(Found)I think it's "Running Up Main Street"

PaulMmn

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I think the book/story is titled "Running Up Main Street." There's this town on-board a space station. Everyone -runs-! But always in the same direction. Even if they're going next door clockwise, they run the long way around counter-clockwise.
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Turns out the reason is that they're using their energy to keep the space station spinning.
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Who wrote it, and where is it published?
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I also believe that someone has disproved the physics involved, and that on-board human power couldn't keep the station spinning (although I don't recall why the wheel was slowing down in the first place)l.
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--Paul E Musselman
 

CassFrank

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This is a match for Thomas Wylde’s “Jogging up Main Street” in Galaxy (1977). From the story: “Joggers make the world go round…”

You can read it here:
 

PaulMmn

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Mark it FOUND.
Does anyone have any info on why the physics of this won't work?
 

Orcadian

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Mark it FOUND.
Does anyone have any info on why the physics of this won't work?
First thought is that the joggers are not coupled to the fabric of the space station. It's the structure itself that needs to be spun, not loose obects inside it. All the joggers will do is cause an air current.
 

Jo Zebedee

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blah - flags. So many flags.
This is a match for Thomas Wylde’s “Jogging up Main Street” in Galaxy (1977). From the story: “Joggers make the world go round…”

You can read it here:
You are the guru of the book search forum.
 

hitmouse

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First thought is that the joggers are not coupled to the fabric of the space station. It's the structure itself that needs to be spun, not loose obects inside it. All the joggers will do is cause an air current.
Not quite. To move forward, the joggers will have to push off the "ground" as they take steps, so there will be a reaction with the solid structure of the space station. The same applies to moving air molecules.
The contents of the space station are part of the overall angular momentum of the spinning structure. By expending energy e.g. by running, I suppose that could be changed, though the premise seems simplistic from the description given.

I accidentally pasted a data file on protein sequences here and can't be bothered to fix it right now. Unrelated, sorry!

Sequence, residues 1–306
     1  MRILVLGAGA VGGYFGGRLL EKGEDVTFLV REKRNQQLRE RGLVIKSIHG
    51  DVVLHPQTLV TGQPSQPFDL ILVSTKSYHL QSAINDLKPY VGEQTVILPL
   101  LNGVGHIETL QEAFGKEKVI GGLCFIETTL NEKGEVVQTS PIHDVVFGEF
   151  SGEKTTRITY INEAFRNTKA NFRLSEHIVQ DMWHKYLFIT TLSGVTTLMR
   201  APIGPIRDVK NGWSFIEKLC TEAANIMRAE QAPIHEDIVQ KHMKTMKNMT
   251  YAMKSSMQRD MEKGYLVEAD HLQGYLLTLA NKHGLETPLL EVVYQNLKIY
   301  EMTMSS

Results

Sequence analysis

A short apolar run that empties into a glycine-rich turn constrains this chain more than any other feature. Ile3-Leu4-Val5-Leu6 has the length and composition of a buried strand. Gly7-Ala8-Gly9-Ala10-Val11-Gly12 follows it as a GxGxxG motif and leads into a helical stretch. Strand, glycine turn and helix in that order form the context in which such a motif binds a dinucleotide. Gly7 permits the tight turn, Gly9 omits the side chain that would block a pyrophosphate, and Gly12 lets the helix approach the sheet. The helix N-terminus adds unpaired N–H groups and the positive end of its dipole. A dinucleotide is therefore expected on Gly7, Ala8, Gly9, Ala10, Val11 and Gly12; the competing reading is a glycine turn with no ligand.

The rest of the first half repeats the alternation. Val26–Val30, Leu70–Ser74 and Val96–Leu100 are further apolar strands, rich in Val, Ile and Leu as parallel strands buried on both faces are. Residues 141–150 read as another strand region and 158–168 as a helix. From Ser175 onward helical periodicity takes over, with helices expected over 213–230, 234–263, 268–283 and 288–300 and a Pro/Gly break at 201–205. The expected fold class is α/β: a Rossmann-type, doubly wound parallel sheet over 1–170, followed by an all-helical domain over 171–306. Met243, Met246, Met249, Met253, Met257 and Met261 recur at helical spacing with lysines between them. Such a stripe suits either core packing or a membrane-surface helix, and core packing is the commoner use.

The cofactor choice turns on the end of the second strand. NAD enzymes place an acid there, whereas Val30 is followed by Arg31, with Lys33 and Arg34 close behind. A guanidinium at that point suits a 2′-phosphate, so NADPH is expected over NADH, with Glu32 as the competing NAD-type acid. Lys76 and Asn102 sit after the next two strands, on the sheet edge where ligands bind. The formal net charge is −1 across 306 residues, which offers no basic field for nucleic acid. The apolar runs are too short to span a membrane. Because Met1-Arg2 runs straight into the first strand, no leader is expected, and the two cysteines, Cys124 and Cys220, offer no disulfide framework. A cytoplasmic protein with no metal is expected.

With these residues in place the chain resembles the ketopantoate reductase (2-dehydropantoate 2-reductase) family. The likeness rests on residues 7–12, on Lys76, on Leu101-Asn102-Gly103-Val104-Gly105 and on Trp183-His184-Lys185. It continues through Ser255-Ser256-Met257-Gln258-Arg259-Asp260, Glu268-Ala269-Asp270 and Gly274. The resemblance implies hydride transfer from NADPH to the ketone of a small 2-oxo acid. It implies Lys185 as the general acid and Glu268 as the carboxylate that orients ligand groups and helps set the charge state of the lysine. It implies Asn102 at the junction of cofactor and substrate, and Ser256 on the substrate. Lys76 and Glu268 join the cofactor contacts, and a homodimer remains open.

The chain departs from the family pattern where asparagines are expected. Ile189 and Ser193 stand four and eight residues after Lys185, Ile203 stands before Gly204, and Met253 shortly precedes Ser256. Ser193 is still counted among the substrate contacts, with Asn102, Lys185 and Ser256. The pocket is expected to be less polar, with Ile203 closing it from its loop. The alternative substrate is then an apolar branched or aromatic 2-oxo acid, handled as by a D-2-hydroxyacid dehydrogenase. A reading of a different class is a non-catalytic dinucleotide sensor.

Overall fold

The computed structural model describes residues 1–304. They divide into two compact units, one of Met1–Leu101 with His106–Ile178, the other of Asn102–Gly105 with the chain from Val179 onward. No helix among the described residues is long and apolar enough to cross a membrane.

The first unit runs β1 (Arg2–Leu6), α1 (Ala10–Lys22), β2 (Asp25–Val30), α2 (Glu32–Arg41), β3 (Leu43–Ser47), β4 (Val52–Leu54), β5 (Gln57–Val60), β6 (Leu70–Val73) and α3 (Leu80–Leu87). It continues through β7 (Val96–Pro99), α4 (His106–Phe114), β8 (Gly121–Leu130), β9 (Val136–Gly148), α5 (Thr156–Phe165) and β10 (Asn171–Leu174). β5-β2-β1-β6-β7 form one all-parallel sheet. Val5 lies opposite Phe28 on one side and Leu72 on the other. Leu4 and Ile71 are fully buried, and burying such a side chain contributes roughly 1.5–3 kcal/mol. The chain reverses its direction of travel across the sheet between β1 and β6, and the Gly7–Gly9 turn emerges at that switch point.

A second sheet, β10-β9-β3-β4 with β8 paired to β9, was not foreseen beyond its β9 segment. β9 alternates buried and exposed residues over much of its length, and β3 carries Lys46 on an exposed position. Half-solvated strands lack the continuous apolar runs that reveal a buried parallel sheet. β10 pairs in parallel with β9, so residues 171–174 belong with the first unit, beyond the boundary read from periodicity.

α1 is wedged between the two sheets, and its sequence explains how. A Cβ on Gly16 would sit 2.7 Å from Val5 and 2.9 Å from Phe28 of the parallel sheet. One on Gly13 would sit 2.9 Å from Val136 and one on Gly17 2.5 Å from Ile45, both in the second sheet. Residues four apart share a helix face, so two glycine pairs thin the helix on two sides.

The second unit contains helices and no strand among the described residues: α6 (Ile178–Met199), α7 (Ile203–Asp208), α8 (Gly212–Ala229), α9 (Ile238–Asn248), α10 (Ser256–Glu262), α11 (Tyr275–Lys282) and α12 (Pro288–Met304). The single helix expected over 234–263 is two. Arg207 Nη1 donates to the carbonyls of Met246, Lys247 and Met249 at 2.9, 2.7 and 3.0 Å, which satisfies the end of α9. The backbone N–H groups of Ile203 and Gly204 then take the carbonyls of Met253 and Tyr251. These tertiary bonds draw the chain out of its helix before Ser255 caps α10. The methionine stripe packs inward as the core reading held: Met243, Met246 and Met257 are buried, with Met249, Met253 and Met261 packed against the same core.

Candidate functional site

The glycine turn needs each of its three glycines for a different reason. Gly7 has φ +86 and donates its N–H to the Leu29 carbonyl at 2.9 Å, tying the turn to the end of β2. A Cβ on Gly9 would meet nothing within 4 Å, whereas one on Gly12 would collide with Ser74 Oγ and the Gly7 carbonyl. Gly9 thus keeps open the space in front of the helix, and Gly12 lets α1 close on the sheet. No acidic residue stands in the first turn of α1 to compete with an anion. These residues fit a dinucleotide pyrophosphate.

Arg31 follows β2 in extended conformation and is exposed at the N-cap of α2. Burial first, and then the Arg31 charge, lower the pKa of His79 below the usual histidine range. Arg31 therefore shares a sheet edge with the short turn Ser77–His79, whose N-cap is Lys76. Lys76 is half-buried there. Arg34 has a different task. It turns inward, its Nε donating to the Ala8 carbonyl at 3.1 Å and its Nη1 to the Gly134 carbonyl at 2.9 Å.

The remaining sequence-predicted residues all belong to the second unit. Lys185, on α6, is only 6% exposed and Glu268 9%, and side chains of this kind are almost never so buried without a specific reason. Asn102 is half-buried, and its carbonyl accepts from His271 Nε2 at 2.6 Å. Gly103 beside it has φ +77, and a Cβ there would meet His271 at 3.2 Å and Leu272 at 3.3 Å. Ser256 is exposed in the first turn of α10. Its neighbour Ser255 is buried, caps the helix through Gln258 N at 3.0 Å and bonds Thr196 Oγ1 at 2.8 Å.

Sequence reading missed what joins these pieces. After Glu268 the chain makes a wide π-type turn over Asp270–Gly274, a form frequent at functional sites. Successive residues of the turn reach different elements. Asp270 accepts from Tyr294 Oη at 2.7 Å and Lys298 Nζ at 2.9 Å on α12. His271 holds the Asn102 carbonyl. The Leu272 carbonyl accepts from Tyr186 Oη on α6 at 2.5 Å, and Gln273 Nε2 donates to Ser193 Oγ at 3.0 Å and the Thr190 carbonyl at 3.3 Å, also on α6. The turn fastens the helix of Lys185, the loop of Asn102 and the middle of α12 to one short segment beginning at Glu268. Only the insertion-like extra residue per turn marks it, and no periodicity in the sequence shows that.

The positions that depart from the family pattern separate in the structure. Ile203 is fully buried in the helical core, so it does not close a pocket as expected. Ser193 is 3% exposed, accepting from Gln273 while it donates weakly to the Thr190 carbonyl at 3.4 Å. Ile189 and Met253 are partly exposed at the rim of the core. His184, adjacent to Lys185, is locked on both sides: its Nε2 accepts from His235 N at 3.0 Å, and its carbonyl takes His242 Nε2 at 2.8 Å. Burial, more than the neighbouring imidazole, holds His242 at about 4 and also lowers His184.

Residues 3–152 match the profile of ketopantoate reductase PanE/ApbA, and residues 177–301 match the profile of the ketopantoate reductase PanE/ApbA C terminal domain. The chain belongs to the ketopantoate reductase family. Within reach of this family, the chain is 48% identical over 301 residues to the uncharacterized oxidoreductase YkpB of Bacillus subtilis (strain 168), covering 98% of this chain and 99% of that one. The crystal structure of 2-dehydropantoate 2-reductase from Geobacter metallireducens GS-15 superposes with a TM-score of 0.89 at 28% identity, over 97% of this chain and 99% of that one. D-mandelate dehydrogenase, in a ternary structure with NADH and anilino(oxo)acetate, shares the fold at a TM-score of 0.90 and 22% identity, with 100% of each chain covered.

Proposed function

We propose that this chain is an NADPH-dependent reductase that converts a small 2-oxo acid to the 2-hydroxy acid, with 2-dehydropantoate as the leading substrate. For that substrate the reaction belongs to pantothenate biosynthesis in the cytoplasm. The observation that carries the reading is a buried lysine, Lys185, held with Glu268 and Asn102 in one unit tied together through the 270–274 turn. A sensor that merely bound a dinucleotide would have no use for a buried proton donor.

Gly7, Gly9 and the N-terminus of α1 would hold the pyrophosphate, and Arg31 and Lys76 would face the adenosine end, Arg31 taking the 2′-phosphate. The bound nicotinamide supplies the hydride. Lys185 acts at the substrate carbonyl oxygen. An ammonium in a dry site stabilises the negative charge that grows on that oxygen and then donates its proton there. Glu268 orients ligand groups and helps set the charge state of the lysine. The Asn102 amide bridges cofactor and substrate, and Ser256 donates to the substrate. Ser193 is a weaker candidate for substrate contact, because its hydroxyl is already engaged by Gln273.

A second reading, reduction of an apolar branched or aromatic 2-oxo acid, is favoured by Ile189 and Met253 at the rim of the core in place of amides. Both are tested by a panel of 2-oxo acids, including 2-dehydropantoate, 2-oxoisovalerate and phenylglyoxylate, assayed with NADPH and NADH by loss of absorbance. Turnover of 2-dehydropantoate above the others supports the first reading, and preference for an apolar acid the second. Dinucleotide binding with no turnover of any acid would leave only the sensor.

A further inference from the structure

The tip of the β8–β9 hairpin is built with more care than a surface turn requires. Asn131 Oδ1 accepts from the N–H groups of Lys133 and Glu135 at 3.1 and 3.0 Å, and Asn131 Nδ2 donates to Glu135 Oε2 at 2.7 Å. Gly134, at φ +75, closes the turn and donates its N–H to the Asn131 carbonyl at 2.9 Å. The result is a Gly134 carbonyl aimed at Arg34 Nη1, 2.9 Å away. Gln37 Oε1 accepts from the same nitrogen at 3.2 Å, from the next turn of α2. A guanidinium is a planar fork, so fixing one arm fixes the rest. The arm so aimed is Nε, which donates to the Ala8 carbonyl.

Orcadian

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OK, Hitmouse. I find it quite counter-inuitive, though. I am a jogger and when I start to run, all I do is move my weight a bit forward of my centre of gravity. My legs then move out in front at just the right speed to stop me from falling on my face. I am unaware of any "pushing off the ground"; it's more like I'm falling forward under gravity and moving my legs so as to stay upright. (This would presumably feel the same on the space station if it's already rotating.)
 

PaulMmn

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OK, Hitmouse. I find it quite counter-inuitive, though. I am a jogger and when I start to run, all I do is move my weight a bit forward of my centre of gravity. My legs then move out in front at just the right speed to stop me from falling on my face. I am unaware of any "pushing off the ground"; it's more like I'm falling forward under gravity and moving my legs so as to stay upright. (This would presumably feel the same on the space station if it's already rotating.)
There must be some effort involved in keeping your legs under your body! I'm envisioning it more like a stair climb, with the staircase almost horizontal... although that might be more of a speed race than a jog...
 

M. Robert Gibson

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I imagine it could be something like the Victorian punishment treadmill, but on a grander scale and with the people inside instead

treadmill.png


In other words, a giant hamster wheel :rolleyes:
humanhamster.png
 

Orcadian

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There must be some effort involved in keeping your legs under your body! I'm envisioning it more like a stair climb, with the staircase almost horizontal... although that might be more of a speed race than a jog...
There is a static force the ground exerts on me, equal and opposite to my weight. But that force does not have a component in the direction of station rotation. The absence of 'pushoff' makes it feel like I am running on the spot, but with my body tilted slightly forwards. You can get the same feeling on a gym treadmill. You aren't pushing, but to stay upright you do have to tilt forwards and keep those legs moving.
 

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